3.5 out of 4 stars
The Chicago premiere of the critically acclaimed and 10-time Tony Award-winning production THE BAND’S VISIT is stunning! Broadway in Chicago hosts this endearing production for a limited two-week engagement at Cadillac Palace Theatre (151 W. Randolph) from Sept. 10-22, 2019.
After a mix-up at the border, an Egyptian Police Band is sent to a remote village in the middle of the Israeli desert. With no bus until morning and no hotel in sight, these unlikely travelers are taken in by the locals. Under the spell of the desert sky, their lives become intertwined in the most unexpected ways. THE BAND’S VISIT celebrates the deeply human ways music, longing and laughter can connect us all.
THE BAND’S VISIT won 10 2018 Tony Awards, including Best Musical, Best Original Score (David Yazbek), Best Book (Itamar Moses), Lead Actress (Katrina Lenk) and Lead Actor (Tony Shalhoub). The screenplay by Eran Kolirin is directed by Tony, Drama Desk, Lortel & Obie Award winner and Chicago native David Cromer. The exploration of humanity at its core is a musical existence; the language that binds us across cultures and creeds. Entering upon a desolate town the separation between the familiar doldrums and foreign arrivals holds a wonderfully paced humor.
I think what makes the production so successful is the simplistic formed plot over a singular night and the multiple stories that occur over a short time. It seems a relaxed paced, but in an entrancing way. The set holds a central 360 rotation that allows the set to be manipulated and transformed seamlessly between these stories. Patrick McCollum’s choreography is so well paced and designed to entrance the eye. The rotation stage allows the space to be seen as larger than physical in the theater, as basic as that sounds. Having seen other performances with rotations and the blocking and individuals not being as confident with the space can really turn a performance. The blocking upon the rotating stage and this circular movement throughout the work is brilliant! The visuals perpetuate the musical overture forward making it very holistic in a subconscious beautiful way.
The set design by Scott Pask captures the essence of isolation and the mundane in remote places. Although the color scheme is intentionally drab to most, it holds a mystical presence against the similar color in the surround environment. Each set piece blends into one another creating the beige endless landscape dotted with people. It comes to life through the beautifully lighting design and is intoxicating when paired with the projection design by Maya Ciarrocchi. Highlighting macro video of hand movements and waxy moons sends this piece into the dreamscape.
The lighting schemes against these intentionally drab buildings is lovely. Tony Award winner Tyler Micoleau hones in on the magic of light to tell a story against this complex moving backdrop. With a time frame of dusk to dawn, Micoleau examines the way light creates a strong mood in each scene; first love shown through the twinkling disco ball to the singular strong glow from a crib to soft magical moonlight. Moments that are amplified by the careful directional light source in each scene that breathes life into it; picking up the script and dancing with it.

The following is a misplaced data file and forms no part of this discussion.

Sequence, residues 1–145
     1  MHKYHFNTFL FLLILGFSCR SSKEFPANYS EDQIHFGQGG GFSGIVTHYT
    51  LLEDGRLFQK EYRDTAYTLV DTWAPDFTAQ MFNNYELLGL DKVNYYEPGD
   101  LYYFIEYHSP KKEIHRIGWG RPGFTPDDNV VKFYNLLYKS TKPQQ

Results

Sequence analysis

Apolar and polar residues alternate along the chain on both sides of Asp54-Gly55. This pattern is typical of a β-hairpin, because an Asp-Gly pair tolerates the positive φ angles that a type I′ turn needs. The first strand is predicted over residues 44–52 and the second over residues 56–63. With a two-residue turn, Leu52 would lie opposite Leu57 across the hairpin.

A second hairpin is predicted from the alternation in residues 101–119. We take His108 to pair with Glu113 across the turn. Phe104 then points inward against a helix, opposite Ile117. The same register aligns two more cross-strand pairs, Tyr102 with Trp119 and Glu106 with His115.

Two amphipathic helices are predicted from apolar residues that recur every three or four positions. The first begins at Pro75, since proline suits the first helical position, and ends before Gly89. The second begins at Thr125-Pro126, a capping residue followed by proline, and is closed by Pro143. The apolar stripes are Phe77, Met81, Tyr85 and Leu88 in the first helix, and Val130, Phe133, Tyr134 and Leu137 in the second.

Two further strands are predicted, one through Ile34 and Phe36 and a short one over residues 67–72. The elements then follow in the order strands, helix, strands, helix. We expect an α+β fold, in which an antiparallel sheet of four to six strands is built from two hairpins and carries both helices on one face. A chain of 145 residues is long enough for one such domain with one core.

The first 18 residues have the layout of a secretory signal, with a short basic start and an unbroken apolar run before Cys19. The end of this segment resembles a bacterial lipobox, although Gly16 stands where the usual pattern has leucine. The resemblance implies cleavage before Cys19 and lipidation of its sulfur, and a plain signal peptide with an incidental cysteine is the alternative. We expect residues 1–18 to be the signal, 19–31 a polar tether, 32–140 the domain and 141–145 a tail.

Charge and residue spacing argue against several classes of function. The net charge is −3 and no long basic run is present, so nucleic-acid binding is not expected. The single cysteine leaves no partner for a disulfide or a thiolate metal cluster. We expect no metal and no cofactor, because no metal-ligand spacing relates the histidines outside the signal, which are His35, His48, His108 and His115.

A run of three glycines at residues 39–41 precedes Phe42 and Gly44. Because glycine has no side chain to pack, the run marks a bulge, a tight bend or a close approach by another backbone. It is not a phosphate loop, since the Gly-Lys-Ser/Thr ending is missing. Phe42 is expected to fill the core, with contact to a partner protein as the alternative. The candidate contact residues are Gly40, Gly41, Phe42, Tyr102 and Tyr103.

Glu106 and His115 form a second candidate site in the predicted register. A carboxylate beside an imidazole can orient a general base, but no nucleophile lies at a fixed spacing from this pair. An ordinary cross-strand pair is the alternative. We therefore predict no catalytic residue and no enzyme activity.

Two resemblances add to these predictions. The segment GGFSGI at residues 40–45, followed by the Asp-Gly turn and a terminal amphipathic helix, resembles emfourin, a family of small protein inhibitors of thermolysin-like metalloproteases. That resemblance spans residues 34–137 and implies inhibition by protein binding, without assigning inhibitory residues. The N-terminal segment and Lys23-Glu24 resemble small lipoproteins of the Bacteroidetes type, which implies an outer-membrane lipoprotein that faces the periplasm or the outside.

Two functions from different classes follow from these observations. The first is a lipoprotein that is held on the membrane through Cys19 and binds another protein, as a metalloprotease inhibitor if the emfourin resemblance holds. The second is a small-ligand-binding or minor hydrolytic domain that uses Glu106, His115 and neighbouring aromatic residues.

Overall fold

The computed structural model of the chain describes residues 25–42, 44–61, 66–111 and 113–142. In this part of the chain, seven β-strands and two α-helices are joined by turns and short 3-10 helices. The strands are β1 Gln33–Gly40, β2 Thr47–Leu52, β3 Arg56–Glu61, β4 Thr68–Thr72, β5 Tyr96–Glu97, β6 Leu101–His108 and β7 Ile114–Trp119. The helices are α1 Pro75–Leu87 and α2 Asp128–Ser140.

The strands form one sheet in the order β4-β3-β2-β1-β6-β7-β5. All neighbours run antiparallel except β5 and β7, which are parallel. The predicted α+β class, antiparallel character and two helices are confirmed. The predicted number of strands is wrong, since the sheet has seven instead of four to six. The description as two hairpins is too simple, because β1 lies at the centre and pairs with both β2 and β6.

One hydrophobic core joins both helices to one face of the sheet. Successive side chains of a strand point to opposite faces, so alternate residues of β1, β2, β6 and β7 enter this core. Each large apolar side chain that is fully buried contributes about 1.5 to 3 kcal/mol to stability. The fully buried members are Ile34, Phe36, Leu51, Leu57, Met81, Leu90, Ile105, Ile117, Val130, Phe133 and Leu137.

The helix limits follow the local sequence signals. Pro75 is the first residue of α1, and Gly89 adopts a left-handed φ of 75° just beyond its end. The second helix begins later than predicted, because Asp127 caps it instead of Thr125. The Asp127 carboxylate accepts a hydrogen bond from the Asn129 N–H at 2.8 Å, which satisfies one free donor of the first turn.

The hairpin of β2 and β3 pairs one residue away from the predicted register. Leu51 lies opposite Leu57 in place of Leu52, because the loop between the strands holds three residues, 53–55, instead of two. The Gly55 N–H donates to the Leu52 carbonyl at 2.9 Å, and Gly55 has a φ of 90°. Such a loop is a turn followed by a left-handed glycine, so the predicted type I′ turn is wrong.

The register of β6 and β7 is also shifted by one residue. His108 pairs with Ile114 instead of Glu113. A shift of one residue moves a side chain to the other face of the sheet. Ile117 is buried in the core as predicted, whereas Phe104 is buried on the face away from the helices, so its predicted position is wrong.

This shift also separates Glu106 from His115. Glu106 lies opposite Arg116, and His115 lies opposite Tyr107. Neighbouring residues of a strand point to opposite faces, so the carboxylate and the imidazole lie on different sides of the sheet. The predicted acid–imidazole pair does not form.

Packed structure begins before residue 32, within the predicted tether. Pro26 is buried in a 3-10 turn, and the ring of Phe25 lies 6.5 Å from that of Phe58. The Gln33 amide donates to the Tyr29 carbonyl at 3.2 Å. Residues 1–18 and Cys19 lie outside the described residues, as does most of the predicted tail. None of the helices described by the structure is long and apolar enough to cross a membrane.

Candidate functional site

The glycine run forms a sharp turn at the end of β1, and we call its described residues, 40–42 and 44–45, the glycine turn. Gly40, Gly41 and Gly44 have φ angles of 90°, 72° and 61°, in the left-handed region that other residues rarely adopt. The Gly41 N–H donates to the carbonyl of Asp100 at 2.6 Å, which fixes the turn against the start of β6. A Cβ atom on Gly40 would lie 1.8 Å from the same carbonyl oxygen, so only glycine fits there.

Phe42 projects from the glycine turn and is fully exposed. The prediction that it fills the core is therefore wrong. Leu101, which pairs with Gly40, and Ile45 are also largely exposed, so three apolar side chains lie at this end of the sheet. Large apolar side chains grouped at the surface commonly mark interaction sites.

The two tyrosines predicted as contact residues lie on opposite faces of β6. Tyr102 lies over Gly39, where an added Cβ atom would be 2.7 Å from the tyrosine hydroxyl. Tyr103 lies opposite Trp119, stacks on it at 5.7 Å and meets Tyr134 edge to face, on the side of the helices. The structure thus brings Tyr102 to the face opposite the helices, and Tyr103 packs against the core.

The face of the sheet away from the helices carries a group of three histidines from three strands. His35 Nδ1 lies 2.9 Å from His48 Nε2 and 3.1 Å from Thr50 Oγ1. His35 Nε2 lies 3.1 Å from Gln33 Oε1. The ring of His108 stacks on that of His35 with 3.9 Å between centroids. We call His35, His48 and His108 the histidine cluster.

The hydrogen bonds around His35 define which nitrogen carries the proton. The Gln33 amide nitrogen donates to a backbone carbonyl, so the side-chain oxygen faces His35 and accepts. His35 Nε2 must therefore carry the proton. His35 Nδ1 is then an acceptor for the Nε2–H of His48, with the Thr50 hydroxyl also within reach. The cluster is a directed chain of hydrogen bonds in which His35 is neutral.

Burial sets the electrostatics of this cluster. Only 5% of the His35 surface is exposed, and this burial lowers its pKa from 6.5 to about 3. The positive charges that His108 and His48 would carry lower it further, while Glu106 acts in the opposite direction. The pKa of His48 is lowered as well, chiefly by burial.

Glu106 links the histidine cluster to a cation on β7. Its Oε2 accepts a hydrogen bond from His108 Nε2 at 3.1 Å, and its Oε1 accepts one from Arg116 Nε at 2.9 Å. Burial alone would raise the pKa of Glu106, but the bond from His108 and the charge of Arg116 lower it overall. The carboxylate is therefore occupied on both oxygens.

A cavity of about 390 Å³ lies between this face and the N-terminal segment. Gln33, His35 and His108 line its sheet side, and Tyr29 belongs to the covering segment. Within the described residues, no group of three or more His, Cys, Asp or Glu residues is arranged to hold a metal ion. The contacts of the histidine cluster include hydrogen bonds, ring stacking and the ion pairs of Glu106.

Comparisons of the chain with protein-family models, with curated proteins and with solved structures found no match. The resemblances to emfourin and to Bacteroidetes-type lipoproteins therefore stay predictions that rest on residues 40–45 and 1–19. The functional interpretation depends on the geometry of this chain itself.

The hinge point in this work personally was Chilina Kennedy’s solo “Omar Sharif”. This alluring song captures your senses visually and lyrically, as Kennedy’s strong independent character Dina illustrates memories from her childhood watching old Egyptian movies with her mother. It truly transports you through the characters feelings and Kennedy’s evoking performance. The bond of memory and the ability music has over our souls is something that transcends across humanity.
Tewfiq, the band conductor played by the talented Sasson Gabay, becomes close with Dina and through an evening together their experiences in the trivial touches each of them so much more than small talk. While Tewfiq shows Dina how to conduct, there is something intrinsically powerful about holding tension and movement all in the flick of a wrist. Passion and innate human values are woven together within this thread of speaking hands that exemplifies how much music touches us all. These beautiful vignettes strung together by an external force in the power of music and how it touches all kinds of people. Everyone holds onto a dream. Everyone is yearning for something. The loss, love, heartbreak, and joy culminating to a call waiting to be answered.
THE BAND’S VISIT will be at the Cadillac Palace Theatre (151 W. Randolph) for a limited two-week engagement from Sept. 10-22, 2019. For more information and tickets, please visit www.BroadwayInChicago.com or TheBandsVisitMusical.com
Mary Crylen is a photographer and writer based in Chicago. She is an alum of Southern Illinois University of Carbondale with dual degrees in English and Photography. She possesses a sincere passion for the arts and believes zeal shows through work. Follow her on Twitter!